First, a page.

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We're back with Dennis Lockhart the president of the federal reserve bank of of Atlanta here in Jackson Hole is a voting member of the FOMC and so we wanna continue our discussion with him.
On a monetary policy and the economy.
-- what is your read of the economy right now we've had some very mixed data points.
Over the last month.
And it's it's it's unclear there we are we.
We had a every and heading in the trouble or weakening strengthening -- -- stuff.
Well I do think it is unclear.
You know I'd sound -- there's been little firming in the recent.
-- relative to what we saw on the spurring.
I don't think we should make too much of that the monthly data move around of course and it's hard to judge a longer term trend from simply even a quarter's numbers.
But the that the -- have been.
A little bit more encouraging.
I I really don't think that's the question.
I think the question is.
Over the whole course of the recovery what track -- we appear to be on and I am increasingly convinced.
We're on about a 2%.
It is very anemic.
And is not producing.
Sufficient job gains to really bring down -- unemployment.
Level at any pace that we would consider to be.
I think did we have to think about.
Whether or not there's something more the can be done it can can put -- economy on a different trajectory a different track.
And and one thing that that you might consider -- your upcoming meeting on September 12 according to the most recent minutes from the last meeting and in August.
Is adjusting the so called forward guidance -- right now the FOMC has.
Has announced that it plans to keep interest rates.
Exceptionally low through the end of point -- -- and in the minutes said that the -- you all -- college in -- talk about this on September 12.
What about that do you think that you think that you and the -- -- there are ready to pull the trigger -- Announcing a low rates through 4015 maybe -- sixty.
Why not gonna speculate on what the committee will decide.
In September but I I do think the the outlook.
Weak enough that certainly there could be a case for for standing there and it will be a base it will be based on the outlook and and so there is a certain degree of science involved we all put together our forecasts.
And our forecasts tell us something about what the conditions are likely to be forecast can be wrong we've obviously been wrong I've been wrong.
Many times in the past but you have to.
Basis on something and so we put together is scientifically as we can a forecast and it it indicates that.
The conditions for beginning to raise rates are not -- for -- for avail as early as C 2014.
Then that -- you sort of fall into that decision.
And -- and and the other bank presidents and other participants do this every quarter now and it's actually in the process of and re running back.
Many of us do it for every meeting forever and we have -- we have a team people who are.
Running models and and working forecasts to try to to to base -- much as possible base our judgment on on something that day is -- Right -- -- so so based on the data based on the Ford.
Forecasts that that will be determined determinant for.
Additional steps he says that such as the forward guidance and and maybe even again another -- additional -- it right what about had.
Every day at -- it's different now we hear that next week the European Central Bank.
May announce that decide to start buying bonds of Spain and Italy.
They seem to be.
Working hard to try to contain the crisis.
Well that is certainly they're taking action when they need to take action might my sense of it is that they.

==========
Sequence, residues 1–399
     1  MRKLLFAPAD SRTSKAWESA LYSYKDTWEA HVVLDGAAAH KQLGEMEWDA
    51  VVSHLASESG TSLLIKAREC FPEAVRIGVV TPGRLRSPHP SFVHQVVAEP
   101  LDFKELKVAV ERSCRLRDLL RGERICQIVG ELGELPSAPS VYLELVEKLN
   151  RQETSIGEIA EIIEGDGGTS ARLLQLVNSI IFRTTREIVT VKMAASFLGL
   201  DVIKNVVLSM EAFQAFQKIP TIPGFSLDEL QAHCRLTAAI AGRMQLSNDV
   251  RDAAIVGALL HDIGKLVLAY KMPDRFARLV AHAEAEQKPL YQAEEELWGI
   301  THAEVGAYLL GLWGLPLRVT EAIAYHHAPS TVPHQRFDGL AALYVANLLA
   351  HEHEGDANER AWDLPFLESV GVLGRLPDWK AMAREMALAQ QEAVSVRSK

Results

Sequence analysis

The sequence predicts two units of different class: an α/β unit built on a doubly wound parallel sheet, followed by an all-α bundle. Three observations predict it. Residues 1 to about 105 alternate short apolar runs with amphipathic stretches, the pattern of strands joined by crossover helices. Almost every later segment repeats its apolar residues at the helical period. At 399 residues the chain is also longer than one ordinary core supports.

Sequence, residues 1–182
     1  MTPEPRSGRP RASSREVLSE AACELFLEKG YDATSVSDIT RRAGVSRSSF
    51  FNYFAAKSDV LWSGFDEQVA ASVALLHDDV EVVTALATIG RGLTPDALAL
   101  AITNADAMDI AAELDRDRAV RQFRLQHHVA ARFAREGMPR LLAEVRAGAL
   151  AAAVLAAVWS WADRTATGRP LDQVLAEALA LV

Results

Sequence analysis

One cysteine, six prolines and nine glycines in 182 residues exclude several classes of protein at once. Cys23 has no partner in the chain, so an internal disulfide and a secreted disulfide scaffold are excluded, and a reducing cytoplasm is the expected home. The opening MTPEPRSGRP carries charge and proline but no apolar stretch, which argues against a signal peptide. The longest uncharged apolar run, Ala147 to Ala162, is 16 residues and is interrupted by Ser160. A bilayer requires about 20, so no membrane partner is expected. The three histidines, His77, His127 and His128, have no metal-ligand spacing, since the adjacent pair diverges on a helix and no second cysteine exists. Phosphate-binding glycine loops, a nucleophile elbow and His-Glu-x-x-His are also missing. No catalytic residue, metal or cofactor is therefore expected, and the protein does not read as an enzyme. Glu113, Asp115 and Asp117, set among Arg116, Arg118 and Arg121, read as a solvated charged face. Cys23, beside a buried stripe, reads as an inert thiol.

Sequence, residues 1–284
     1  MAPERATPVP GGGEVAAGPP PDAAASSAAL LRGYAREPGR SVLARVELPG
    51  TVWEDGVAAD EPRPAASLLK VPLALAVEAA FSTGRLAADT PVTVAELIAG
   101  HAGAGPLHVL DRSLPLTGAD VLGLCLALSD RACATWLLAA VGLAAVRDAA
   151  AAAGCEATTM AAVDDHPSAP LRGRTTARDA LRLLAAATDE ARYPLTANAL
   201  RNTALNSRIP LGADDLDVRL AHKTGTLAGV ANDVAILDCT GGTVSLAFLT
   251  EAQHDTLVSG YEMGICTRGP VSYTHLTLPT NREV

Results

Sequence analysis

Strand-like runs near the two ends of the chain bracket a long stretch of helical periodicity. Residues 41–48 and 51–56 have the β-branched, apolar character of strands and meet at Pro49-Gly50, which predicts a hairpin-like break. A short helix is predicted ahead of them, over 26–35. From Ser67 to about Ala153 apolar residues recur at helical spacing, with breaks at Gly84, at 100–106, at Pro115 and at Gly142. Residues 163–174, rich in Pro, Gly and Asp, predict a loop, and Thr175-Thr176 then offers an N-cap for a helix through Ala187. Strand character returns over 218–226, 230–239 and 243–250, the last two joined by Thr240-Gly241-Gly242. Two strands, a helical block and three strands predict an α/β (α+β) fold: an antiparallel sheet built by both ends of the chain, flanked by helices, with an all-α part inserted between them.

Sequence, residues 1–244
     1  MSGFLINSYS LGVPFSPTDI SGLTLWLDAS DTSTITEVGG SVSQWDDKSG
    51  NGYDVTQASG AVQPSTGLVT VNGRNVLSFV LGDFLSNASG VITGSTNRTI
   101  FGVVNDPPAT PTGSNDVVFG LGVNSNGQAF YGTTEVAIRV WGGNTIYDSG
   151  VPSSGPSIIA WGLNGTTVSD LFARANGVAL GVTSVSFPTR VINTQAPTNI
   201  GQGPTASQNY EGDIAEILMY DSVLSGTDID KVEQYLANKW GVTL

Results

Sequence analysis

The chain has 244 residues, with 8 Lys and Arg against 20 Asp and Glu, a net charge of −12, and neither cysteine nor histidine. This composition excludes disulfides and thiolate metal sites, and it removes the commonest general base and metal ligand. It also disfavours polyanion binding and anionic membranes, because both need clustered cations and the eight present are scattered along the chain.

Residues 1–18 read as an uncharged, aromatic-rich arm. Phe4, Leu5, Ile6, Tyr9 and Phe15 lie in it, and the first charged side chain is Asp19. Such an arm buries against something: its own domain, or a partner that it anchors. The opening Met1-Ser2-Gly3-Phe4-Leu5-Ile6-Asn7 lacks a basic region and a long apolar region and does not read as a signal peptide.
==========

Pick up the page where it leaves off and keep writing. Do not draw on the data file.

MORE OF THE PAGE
Have not been able to pull together the political consensus to really deal with the problem -- -- totally comprehensive.
Get it off the table kind of way.
So they're dealing with problems as they arise and they're hoping for the best yen and obviously attracting the economic performance in the budget performance of the most troublesome of of their member states.
I think the way we have -- to view this in the United States is that this is going to be a prolonged problem and a prolonged process.
It's going to be part of our atmosphere that we that affects our economy to congress and a continuing -- yes.
Why we have you it turns out that the Atlanta district.
Louisiana we you're watching.
Hurricane on a tropical storm Isaac impact of that.
What are your what are you hearing.
What is going to be the economic impact of this storm and how are fed and banking operations going.
Through this storm.
Well we that we have a branch in New Orleans and that branches responsible for providing cash to a certain zone within the southeast.
And we've activated some redundancy are back up plans using.
Birmingham as as a back -- -- to make sure that we can distribute cash to the banking system.
In situations like this you know there is a certain tendency to go to a bit more -- a cash economy sometimes.
Electricity is down or some for some reason people.
Are out of sorts -- need data capture money in order to do to survive we we learned a lot during the Katrina period about this.
And so we have I think -- very well organized approach to deal with an emergency this one is not critique Katrina.
And it's not a serious.
As did my most recent report as of yesterday is we think our operation.
Is under good control.
And that we're gonna get through this just fine.
Economic impact it's clearly an economic impact on Louisiana.
I don't think it will be severe.
Louisiana as a very resilient please believe me and bounces back.
Quickly and strongly from these kinds of things.
And we learned during Katrina that.
The that the overall economic impact on the country is simply not that great one storm doesn't really affect the national economy.
In a measurable way.
Dennis Lockhart federal reserve bank of Atlanta thanks for joining us some -- business.
Thank you very much Peter.
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